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    This is TMAP

    Rod Serling on a name

    Here's something I found inspirational and informative.

    This is an interview with Rod Serling, who communicates particularly professionally (particularly following 11:11) on the subjects of art, commercialism, shame and the importance of having one's name attached to one's work.

    As the video carries on it becomes more and more relevant, but if it doesn't hold your attention, then I recommend you stop watching.

    Wear and tear

    Today as I got out of my truck at the hardware store my smartphone slipped out of my baggy sweatshirt pocket. It landed on its corner on the concrete and slid. It was not in its cover because I don't leave it in its cover when I'm not at work. The cover would easily have protected it from this impact.

    Considering a blog entry from last week, this was clearly a test of mettle and philosophical integrity.

    The corner is dented sufficiently that it creates a bubble in the screen protector. The phone's original pristine beauty is defeated. Some part of me suffers, but then my better parts tell that part Be calm. Everything goes through this. You yourself are already experiencing the skeletal effects of aging. Would you be 19 again?

    Now I have the benefit of no longer being the owner of a precious object. I can go about my business as a human. In fact, now I feel more like I own this phone than I had before today.

    Here's to wear and tear.

    Shipping now $3 for all US orders

    Shipping for all orders within the mainland USA now costs $3, regardless of order specifics.

    This rate doesn't apply for the costly express two-day delivery or for international shipping, but please feel free to send a message if you'd like to work something out.

    On untouchable products

    I spoke with a friend of mine last night about the launch of TMAP and we got to talking about the mission. He said he agreed with it and shared with me my favorite format of information: an anecdote.

    Paraphrased, it went thus.

    Someone he works with bought an iPhone. This colleague bragged about his new beautiful device. Told everyone how much they should like the clean lines, intuitive interface and tight package. Everyone knew how much he'd spent, and remembered his old one which was fine yesterday. They thought about how theirs was now lesser by the presence of a new one. He took it out of his pocket. It was in an OtterBox.

    For those who don't know, the OtterBox is an extremely effective defensive case for high-end devices like iPhones. When your device is in it, you can fire it into a highly magnetized brick puddle and it'll survive.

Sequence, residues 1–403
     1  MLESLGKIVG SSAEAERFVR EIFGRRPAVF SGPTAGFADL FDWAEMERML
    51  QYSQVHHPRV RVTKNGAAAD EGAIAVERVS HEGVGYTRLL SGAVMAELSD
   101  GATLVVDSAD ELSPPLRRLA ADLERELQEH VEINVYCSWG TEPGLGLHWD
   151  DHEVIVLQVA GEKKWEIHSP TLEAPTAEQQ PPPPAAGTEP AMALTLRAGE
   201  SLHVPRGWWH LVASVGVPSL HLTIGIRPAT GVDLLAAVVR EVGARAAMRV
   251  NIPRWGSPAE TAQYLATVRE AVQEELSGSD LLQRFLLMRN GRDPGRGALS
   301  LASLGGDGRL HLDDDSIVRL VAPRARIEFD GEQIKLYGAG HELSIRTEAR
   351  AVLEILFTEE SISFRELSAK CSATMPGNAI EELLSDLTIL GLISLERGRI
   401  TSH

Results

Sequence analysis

The problem is, it doubles its volume. Now this sleek thing, which is designed to barely - yet gracefully - fit into a pocket, requires a secondary carrying device, or to be exposed at all times as the desensitized, deformed robot it's become.

    A hundred years ago our ancestors carried pocket watches. They were obviously the smartphones of their era: inexcusably expensive, beautiful, pocket sized, internally complicated, and intended to make your life easier. And you wouldn't be caught dead putting one of those in an OtterBox. Their protection was a small chain connected to a button, or simply a deliberate hand.There are times, I suppose, when one of these protective cases is called for. When your work is dirty, or your hands are slippery, or you expect it to get slammed around, and you can't get away with not having it on you. I put my phone (which I selected for its small size) in a thin sleeve when I go to work, for example. But I don't do it thoughtlessly: we should seriously consider what we're doing here.Someone spent a lot of time and money to make a fine thing. And it is surely fine, but never mind that; if it can't survive my average day, why the hell would I want one?

    Yes, we are professionals.

    This website will flesh out with some more products in the near future. The intention is to supply man-made objects to people who want them.

    Yes, this is not a new idea. In fact, it's kind of the fundamental principle of capitalism - one of the louder isms foisted upon us at birth - but we aim to set ourselves apart by refusing to ever divorce ourselves from our products. Each object's story begins in our hands and continues in yours. We hope you don't let it stop there.

    More soon.

    Please feel free to write us through the contact page.